Limiting situations that could give rise to (1) disruption of family harmony and (2) fraud or collusion between family members is a legitimate public policy. In this vein, Florida once barred all personal injury negligence actions by one family member against another. In Orefice v. Albert, 237 So.2d 142 (Fla. 1970), a case in which the mother of a child killed in an airplane crash sought recovery in both her and her son’s names from the boy’s father, the Florida Supreme Court stated:
It is established policy, evidenced by many decisions, that suits will not be allowed in this state among members of a family unit for tort. Spouses may not sue each other, nor children their parents. The purpose of this policy is to protect family harmony and resources.
237 So.2d at 145.
Parental/child immunity has its origins in an 1891 Mississippi case which based its decision on the importance of “peace of society … [and] the repose of families.” Hewllette v. George, 68 Miss. 703, 711, 9 So. 885, 887 (1891). Florida adopted the rule and recognized it in several cases. Orefice v. Albert, 237 So.2d 142 (Fla. 1970); May v. Palm Beach Chemical Co., 77 So.2d 468 (Fla. 1955).
Parental/child immunity was abrogated by the Florida Supreme Court in Ard v. Ard, 414 So.2d 1066 (Fla.1982).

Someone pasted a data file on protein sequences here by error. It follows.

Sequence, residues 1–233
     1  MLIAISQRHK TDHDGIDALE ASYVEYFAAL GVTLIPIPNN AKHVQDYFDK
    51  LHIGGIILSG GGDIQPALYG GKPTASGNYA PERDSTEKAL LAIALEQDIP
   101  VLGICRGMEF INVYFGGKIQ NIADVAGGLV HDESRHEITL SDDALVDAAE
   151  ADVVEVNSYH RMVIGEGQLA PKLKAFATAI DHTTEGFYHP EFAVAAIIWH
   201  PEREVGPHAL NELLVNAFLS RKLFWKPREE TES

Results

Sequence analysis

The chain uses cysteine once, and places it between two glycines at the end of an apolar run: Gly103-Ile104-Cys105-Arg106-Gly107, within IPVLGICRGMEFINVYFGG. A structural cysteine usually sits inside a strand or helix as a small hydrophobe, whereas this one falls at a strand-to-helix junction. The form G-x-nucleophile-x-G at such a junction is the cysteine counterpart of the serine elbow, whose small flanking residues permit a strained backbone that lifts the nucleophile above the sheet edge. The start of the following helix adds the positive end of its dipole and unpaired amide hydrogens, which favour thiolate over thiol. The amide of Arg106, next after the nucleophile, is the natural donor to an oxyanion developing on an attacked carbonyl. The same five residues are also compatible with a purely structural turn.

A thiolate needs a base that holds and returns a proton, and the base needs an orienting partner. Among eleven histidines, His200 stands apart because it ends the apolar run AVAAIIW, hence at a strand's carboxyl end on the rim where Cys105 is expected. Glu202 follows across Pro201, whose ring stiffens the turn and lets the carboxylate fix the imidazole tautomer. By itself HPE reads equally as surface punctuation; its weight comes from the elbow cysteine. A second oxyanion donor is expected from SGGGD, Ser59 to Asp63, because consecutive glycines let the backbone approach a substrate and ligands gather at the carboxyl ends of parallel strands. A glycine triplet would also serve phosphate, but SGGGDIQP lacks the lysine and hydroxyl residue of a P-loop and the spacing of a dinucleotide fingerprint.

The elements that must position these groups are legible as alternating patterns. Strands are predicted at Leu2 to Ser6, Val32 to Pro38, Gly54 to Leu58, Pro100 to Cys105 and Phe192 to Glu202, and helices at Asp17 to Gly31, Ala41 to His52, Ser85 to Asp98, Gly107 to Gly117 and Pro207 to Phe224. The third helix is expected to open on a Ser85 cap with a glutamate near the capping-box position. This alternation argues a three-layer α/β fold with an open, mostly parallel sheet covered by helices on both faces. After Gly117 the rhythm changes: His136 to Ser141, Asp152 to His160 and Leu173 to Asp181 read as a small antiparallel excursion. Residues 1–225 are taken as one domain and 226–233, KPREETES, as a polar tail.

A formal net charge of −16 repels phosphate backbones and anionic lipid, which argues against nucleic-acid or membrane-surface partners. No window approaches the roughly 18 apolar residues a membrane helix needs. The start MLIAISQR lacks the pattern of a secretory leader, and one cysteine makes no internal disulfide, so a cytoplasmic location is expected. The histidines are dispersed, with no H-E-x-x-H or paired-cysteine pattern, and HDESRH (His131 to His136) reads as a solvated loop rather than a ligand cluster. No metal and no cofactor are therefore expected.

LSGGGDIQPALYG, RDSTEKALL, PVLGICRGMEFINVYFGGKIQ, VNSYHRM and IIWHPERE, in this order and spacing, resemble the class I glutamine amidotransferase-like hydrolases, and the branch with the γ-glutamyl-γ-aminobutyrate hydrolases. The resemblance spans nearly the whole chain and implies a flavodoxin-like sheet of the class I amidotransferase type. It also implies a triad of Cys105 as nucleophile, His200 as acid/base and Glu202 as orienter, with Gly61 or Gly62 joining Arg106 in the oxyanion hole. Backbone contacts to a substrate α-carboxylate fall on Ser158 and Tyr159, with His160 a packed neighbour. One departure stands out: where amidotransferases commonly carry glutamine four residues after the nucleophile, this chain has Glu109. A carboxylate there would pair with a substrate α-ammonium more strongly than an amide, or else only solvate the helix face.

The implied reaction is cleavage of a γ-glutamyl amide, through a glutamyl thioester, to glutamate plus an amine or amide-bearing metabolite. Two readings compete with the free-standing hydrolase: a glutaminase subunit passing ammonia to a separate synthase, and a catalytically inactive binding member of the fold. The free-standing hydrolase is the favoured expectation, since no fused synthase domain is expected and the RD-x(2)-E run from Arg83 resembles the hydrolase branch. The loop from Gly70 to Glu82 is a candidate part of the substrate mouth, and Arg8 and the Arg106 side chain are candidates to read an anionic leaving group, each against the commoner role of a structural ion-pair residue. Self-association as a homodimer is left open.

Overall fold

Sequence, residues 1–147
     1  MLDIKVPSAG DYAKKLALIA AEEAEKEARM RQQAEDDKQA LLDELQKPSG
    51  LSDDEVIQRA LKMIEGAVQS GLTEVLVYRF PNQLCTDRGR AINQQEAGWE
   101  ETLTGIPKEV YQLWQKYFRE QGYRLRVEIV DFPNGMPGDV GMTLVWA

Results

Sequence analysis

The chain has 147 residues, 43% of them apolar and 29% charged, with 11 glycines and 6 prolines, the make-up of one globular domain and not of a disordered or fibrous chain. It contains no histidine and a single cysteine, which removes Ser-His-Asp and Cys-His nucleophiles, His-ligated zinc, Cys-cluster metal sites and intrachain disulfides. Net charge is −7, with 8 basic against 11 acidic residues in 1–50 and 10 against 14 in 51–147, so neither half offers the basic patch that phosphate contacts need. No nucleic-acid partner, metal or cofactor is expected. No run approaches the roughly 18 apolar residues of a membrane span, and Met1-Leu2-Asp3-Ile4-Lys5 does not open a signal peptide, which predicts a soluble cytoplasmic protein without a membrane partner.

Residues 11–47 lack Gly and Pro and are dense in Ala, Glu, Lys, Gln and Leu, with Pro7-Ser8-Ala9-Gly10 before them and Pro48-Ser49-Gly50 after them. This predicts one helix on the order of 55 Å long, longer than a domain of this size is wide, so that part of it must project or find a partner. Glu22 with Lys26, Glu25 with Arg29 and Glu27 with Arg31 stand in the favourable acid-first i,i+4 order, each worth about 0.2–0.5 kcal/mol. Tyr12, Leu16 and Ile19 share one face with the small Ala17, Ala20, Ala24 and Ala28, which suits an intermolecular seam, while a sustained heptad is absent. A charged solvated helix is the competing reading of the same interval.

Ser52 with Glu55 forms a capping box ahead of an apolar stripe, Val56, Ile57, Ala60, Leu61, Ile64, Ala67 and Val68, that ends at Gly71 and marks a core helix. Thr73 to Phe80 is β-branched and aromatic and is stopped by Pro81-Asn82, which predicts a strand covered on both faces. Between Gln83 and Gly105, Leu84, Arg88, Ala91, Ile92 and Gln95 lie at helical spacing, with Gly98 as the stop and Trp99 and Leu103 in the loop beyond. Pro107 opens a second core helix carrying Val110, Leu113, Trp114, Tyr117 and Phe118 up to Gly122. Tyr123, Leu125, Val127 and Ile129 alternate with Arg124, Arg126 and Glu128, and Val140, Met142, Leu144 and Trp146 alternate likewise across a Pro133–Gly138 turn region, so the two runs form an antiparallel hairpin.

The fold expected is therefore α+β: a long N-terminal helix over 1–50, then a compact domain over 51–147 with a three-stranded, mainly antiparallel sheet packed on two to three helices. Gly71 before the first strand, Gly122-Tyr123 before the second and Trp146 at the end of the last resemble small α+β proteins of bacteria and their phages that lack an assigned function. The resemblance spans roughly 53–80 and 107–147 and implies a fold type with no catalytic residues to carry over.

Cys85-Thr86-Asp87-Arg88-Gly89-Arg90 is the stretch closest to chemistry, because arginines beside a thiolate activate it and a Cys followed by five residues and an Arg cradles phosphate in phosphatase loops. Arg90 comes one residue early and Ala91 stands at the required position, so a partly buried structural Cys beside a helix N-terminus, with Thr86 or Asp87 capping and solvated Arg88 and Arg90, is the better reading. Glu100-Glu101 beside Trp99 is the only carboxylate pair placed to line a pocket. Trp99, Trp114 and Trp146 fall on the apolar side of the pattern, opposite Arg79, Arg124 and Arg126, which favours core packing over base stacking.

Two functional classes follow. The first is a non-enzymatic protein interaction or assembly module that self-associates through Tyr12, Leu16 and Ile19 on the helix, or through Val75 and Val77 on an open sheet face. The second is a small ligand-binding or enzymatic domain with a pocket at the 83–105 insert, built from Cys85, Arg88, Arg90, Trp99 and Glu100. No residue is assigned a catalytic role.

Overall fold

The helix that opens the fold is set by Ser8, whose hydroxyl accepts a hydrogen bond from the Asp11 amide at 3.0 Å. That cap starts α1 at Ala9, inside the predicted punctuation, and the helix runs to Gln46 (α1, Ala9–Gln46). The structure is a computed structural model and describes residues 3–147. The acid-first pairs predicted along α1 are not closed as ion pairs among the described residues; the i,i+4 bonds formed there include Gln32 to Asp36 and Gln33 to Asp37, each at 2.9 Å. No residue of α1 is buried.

Ard involved a lawsuit brought by a minor child seeking compensation for serious personal injuries caused by the negligence of his mother. The defendants raised the doctrine of parental immunity as a defense. On both conflict and great public importance jurisdiction, the case ended up in the Florida Supreme Court, which decided as follows:
While we reaffirm our adherence to parental/family immunity, we hold that, in a tort action for negligence arising from an accident and brought by an unemancipated minor child against a parent, the doctrine of parental immunity is waived to the extent of the parent’s available liability insurance coverage. If the parent is without liability insurance, or if the policy contains an exclusion clause for household or family members, then parental immunity is not waived and the child cannot sue the parent. (Bold added for emphasis.)
The doctrine of interspousal tort immunity barring actions by one spouse against another has a long and established history in Florida law. See Corren v. Corren, 47 So.2d 774, (Fla. 1950). The doctrine has its origins in the fiction that the marriage of two people creates a unified entity of one singular person. Corren, supra. The reasoning was that a person or entity cannot sue itself. Sturiano v. Brooks, 523 So. 2d 1126, 1128 (Fla. 1988).